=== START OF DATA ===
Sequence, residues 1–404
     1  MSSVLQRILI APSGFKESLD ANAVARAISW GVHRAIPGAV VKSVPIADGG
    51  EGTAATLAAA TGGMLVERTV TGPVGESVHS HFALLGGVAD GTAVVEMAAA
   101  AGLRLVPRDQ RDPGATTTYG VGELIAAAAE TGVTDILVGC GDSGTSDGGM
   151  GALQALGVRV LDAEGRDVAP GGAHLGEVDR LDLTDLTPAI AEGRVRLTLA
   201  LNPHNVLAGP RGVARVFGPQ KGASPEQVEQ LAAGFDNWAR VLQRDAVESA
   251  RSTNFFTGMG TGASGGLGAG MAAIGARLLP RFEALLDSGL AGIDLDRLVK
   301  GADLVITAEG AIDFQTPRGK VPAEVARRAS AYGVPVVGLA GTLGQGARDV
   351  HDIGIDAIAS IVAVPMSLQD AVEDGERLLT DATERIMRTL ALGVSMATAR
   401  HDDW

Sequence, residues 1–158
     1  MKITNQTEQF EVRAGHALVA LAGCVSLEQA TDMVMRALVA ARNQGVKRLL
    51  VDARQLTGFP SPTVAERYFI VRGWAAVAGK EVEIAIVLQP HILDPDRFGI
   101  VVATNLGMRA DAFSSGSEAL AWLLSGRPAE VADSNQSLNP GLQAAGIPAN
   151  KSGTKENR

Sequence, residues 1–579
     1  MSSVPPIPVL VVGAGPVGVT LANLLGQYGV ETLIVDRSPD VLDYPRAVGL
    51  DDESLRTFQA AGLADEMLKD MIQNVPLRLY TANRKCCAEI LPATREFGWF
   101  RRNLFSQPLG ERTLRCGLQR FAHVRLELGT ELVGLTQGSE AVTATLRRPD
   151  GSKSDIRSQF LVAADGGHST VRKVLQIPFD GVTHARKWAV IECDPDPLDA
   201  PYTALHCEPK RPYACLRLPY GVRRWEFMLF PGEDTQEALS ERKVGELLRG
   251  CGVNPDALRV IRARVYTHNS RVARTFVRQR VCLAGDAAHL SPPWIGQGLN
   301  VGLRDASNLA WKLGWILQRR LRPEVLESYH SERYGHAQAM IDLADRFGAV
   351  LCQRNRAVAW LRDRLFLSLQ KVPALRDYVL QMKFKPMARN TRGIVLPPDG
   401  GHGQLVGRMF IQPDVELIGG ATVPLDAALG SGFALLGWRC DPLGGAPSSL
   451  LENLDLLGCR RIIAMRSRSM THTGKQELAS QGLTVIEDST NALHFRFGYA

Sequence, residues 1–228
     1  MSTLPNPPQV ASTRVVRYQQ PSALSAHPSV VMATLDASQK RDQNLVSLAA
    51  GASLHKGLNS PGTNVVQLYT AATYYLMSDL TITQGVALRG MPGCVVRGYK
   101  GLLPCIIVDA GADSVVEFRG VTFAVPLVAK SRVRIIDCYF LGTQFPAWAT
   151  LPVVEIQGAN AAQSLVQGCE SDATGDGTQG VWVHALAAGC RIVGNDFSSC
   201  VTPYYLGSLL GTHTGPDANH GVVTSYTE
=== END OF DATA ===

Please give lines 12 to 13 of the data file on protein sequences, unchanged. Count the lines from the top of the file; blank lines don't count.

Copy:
     1  MKITNQTEQF EVRAGHALVA LAGCVSLEQA TDMVMRALVA ARNQGVKRLL
    51  VDARQLTGFP SPTVAERYFI VRGWAAVAGK EVEIAIVLQP HILDPDRFGI